Without customers, there is no business. Traditional brick and mortar financial institutions are now competing with digital (online only) banks and other financial enterprises. But, the creed for any successful business is summed up in a single statement: know your customer. Distinct preferences are both a group and individual phenomenon. As such, businesses need to “listen” to their customers by collecting and analyzing data through various means: social media analysis, content marketing, customer service call logs and emails, surveys, tracking click-through rates, the success or failure of sales calls, etc. Marketing and advertising must maintain a mixture of science and creativity. The science aspect is brought in via a data scientist being able to provide an accurate analysis of customer behavior and profile existing and potential customers. Profiling is merely a way to understand who your customers are and what they are likely to buy. For example, there are particular generational traits when it comes to risk-taking. Younger generations can be more prone to a higher-risk tolerance. The cryptocurrency (crypto) market is a perfect illustration of this trend. Gen X’ers, Millennials, and Gen Z’ers have higher participation rates in crypto than the Baby Boomers. Does this mean that there are a total of zero Baby Boomers who have incorporated risk into their investment profile? No. As a data scientist, you’ll need to dig deeper to determine other correlating factors such as the possibility that there are fractions of within-group participation rates that may not follow the high-risk trend. Location, past behaviors, transaction history, websites that are visited, income, education, are just a few additional pieces of data that can be collected for analysis. Some of the data points may correlate with the likelihood of purchasing a new product or service (e.g., robo-advisory services, algorithmic trading, etc.). You may find a certain portion of Gen Z’ers hate the robo-chat and want to speak with an actual human being. Product development heavily relies on both market and behavioral analytics to assess the probability of creating a new offering. Even after a product is launched, the enterprise needs to figure out how to best market the product. All of this requires data analysis including inferencing and prediction. Furthermore, recommendation systems are a large part of automating the marketing and advertisement process. As you can probably see by now, there is a pattern of knowledge that a data scientist needs to have in their toolbox: machine learning and AI. Also having an interest in assessing human behavioral and communication patterns is most helpful for the customer segmentation aspect of the financial services industry. You’ll likely work as the data science liaison for product development and marketing. So, having experience in either of those is helpful, but not necessarily a requirement.
Automating Risk Analysis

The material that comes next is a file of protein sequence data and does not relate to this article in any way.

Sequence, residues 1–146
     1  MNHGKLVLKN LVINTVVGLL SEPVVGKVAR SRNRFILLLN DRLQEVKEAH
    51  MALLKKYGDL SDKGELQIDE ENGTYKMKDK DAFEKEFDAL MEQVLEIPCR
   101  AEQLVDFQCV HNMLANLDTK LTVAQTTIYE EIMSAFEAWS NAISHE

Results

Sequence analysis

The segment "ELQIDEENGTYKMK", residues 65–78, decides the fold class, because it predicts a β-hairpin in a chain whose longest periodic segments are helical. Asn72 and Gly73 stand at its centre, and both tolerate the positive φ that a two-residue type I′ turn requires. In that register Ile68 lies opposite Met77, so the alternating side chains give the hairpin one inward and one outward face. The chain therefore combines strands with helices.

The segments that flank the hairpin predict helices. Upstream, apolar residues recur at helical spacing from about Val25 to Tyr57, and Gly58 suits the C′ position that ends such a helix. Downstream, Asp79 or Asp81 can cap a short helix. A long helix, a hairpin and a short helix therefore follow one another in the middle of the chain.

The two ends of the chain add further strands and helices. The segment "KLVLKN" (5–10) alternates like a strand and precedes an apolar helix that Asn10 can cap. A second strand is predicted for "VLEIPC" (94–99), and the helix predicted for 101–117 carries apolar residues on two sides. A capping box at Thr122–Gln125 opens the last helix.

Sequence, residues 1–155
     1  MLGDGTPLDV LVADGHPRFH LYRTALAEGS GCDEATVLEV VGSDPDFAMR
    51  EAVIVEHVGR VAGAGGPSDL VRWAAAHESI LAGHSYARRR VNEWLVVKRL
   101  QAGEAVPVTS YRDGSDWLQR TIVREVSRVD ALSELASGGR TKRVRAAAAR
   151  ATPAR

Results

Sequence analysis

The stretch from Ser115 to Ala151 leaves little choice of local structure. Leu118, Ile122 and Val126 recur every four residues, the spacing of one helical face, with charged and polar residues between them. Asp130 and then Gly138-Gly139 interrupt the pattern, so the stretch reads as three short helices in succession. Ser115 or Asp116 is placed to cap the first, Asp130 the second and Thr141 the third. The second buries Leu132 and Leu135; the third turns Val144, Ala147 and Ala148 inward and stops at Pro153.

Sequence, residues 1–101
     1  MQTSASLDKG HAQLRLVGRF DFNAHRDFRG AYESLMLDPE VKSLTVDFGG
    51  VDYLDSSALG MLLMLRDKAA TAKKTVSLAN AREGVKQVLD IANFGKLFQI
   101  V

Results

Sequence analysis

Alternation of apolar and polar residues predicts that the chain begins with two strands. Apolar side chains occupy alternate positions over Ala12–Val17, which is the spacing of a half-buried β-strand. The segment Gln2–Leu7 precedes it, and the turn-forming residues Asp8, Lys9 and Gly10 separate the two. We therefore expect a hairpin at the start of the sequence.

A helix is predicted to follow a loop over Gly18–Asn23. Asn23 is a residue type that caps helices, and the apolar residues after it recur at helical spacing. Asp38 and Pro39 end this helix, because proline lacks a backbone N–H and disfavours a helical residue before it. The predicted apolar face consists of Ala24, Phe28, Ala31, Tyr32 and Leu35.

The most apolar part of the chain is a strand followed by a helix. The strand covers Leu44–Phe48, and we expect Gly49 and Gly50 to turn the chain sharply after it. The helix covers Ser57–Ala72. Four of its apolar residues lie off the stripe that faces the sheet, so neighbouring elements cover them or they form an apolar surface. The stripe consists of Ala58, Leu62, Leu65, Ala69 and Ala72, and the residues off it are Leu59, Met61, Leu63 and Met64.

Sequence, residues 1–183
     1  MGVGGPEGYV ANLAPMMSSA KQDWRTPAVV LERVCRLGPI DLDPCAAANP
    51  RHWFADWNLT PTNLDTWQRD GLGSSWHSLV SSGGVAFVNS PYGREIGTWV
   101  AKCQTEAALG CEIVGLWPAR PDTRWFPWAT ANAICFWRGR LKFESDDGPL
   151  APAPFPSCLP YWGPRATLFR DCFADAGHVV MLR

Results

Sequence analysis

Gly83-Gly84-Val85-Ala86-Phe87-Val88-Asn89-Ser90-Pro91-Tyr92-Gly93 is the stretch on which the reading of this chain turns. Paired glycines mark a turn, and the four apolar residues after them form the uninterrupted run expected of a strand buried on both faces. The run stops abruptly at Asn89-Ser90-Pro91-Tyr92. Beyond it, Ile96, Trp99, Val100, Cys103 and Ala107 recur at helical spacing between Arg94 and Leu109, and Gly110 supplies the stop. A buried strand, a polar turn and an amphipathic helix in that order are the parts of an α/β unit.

Realistically, risk analysis occurs throughout all industries. Even at the individual level, we are either consciously or unconsciously weighing the risk of taking an action. Bigger risks, e.g., loaning someone millions of dollars, require more data to establish trustworthiness. Financial markets provide an array of different risk levels at any given time, and the input values for risk are also varied: competitors, political decisions, the weather (especially for commodities), personal and business credit scores (creditworthiness), customer preferences, new technologies, and so forth. But, more data doesn’t mean that it’s high-quality data. With so many factors to consider, it’s no surprise that automating risk analysis is yet another area where machine learning and AI are gaining traction. Technological innovation is now at a stage of development where algorithms can automatically assess whether or not a customer is likely to repay a home loan. At each stage of the risk analysis process, machine learning is capable of producing recommendations for decision points. Data preprocessing, feature selection, risk classification, and mapping if-then scenarios to risk patterns are quickly becoming reliant on machine learning and AI algorithms. Data scientists and machine learning engineers are expected to build these models for gathering, analyzing, and making predictions based on an increasing volume and velocity of data. This does not mean that the human aspect will be completely disregarded (or deleted). Indeed, humans should still be able to override the recommendations as numerical scores don’t represent a total of human experience. While one customer may obviously have poor money management skills (thus representing a high risk of defaulting on a loan), another may have had a prior medical condition that completely derailed their financial situation. Exceptions can be algorithmically incorporated into machine learning or AI-based risk analyses. The key here is for all data scientists to maintain an active awareness that the models they are building can be used for both positive and negative actions towards other human beings. You’re not just dealing with numbers and algorithmic constructs. Human lives are affected by the underlying statistical models. In terms of the expertise required for risk analysis, if you’ve worked within the financial services industry, you’ll already have a fundamental understanding of the mathematical models being used. On the machine learning side, academia continues to push forward with experimental techniques such as particle swarm optimization, derivative-free optimization, and other multi-swarm algorithms. Keeping on top of new findings within machine learning and AI should be on a data scientists to do list. Granted, you must balance innovation with practical applicability and creativity which goes back to risk assessment. Will incorporating new techniques yield better results? Or will you be going down a rabbit hole and expending both time and money (namely, your employers) by merely chasing the next shiny data science tool? To briefly summarize, data scientists in the financial industry utilize the same skill set as all other industries. However, you can specialize by taking elective coursework in finance, economics, and cybersecurity. While all data science jobs have a math-intensive factor, the world of finance magnifies this fact while also inserting doses of natural language processing since news announcements have a certain impact on financial markets. With the added crypto market still in play — despite morose predictions from traditional financial institutions — opportunities for financial data scientists continue to be good. As you peruse through and apply for possible finance data science jobs, utilize your analytical skills to discern between employers looking for an analyst or a data engineer vs. a data scientist. The world of data science is still in the definition stage, and although data scientists are still at the center of the statistics, programming, and business knowledge Venn Diagram, emerging technologies affect employer expectations of both the value and applicability of having a data scientist as part of their organization.